intelligent POWER AND COOLING
Rising temperatures highlight need for liquid cooling systems
The rising frequency of extreme weather periods in Europe necessitates a move towards liquid cooling systems , suggests a sector expert .
This warning follows record-breaking temperatures in the UK as of late , with some locations exceeding 40 ° C . As a result , a number of high-profile service providers in the nation experienced outages that impacted customer service as far as the US .
One operator attributed the failure to ‘ unseasonal temperatures .’ However , with the UK MET Office warning that heatwaves are set to become more frequent , more intense and longlasting , Gemma Reeves , Data Centre Specialist at Alfa Laval , believes that data centres will need to transition to liquid cooling systems in order to cope . “ The temperatures observed are a sign of what is to come ,” said Reeves . “ Summers are continuing to get hotter by the year , so it ’ s important that data centres are able to manage the heat effectively .
“ Mechanical cooling methods have long been growing unfit for the needs of the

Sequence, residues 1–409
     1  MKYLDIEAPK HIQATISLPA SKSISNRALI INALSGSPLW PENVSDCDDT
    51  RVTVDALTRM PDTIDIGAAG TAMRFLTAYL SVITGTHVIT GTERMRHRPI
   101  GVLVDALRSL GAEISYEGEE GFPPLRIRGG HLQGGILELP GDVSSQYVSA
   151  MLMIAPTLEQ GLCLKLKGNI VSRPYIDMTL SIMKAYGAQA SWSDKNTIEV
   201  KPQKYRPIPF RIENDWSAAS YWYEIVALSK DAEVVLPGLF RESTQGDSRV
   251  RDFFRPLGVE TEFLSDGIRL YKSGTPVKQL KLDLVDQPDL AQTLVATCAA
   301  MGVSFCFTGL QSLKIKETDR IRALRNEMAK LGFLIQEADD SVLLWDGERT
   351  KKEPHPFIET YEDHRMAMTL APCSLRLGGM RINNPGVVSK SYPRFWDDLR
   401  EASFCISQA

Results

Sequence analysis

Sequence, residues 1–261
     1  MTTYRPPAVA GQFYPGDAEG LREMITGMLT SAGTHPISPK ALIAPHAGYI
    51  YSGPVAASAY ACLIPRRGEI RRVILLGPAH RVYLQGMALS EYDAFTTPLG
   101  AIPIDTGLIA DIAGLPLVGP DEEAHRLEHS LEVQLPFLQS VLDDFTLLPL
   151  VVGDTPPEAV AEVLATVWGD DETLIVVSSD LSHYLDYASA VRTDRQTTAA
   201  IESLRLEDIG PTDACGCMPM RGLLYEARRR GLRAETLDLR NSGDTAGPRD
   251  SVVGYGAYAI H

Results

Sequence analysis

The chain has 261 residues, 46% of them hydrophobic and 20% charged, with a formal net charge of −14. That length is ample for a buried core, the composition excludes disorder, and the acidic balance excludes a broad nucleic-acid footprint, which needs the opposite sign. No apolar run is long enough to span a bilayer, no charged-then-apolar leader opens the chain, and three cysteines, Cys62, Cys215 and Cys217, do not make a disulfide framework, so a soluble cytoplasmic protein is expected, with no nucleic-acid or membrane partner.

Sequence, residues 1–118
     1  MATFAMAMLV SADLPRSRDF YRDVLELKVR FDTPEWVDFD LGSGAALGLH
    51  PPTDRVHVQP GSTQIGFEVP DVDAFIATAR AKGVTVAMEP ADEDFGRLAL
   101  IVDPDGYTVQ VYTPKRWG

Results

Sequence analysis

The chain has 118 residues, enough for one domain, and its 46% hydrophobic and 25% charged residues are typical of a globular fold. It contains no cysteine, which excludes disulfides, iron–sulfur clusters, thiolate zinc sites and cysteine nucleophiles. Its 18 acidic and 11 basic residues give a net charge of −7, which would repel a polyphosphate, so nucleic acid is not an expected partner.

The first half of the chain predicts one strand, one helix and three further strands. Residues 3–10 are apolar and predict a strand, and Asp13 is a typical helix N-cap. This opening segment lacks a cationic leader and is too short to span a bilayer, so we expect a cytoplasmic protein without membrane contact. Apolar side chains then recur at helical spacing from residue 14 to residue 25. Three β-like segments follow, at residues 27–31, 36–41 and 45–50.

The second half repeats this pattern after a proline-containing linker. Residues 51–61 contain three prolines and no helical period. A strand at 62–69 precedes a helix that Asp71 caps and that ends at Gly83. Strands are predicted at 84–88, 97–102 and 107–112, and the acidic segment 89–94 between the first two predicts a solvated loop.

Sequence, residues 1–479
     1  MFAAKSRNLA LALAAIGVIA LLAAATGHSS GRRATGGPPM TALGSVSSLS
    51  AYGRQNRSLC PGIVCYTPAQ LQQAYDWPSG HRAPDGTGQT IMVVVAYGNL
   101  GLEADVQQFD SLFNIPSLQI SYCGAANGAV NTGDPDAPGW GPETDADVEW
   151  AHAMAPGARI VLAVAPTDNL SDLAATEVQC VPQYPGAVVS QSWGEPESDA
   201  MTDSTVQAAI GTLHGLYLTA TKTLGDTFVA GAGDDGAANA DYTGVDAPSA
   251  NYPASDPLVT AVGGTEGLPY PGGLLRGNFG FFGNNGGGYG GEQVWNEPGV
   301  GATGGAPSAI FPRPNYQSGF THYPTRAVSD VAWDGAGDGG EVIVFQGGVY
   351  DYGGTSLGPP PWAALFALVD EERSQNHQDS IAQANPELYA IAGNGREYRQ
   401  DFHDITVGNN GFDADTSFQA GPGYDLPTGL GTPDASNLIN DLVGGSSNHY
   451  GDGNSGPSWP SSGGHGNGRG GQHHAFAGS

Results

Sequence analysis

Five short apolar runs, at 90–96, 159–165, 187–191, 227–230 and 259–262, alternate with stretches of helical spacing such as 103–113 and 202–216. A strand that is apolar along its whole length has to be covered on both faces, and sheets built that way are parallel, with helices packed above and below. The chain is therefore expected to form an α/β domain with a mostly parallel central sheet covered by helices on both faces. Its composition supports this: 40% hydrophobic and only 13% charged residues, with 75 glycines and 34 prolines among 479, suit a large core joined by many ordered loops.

MECHANICAL COOLING METHODS HAVE LONG BEEN GROWING UNFIT FOR THE NEEDS OF THE MODERN DATA CENTRE .
modern data centre , with July ’ s weather only serving to highlight this . As both outside temperatures and rack densities continue to rise , more efficient approaches to cooling will clearly be necessary .”
Traditional mechanical cooling systems make use of an electronically-powered chiller , which creates cold air to be distributed by a ventilation system . However , most mechanical cooling systems in the UK are designed for a maximum outdoor temperature of 32 ° C – a figure which continues to be regularly exceeded .
Here , Reeves believes that liquid cooling can solve this challenge . Cooling with dielectric fluid rather than air means that the cooling systems may be run at much higher temperatures .
Liquid cooled principles such as direct-tochip , single-phase immersive IT chassis , or single-phase immersive tub allow for the servers to remain cool despite much higher outdoor air temperatures , while maintaining lower energy consumption and providing options for onward heat reuse . In studies , this has also showed to increase lifetime for servers due to maintaining stable stasis .
“ The data centre sector remains in an era of air-based cooling ,” said Reeves . “ That said , July ’ s recent heatwave may be the stark reminder the sector needs that these systems are not sustainable in the long term .
“ Liquid cooling is truly the future of data centres , this technique allows us to cool more quickly and more efficiently than ever before , which will be a key consideration with temperatures on the rise .” �
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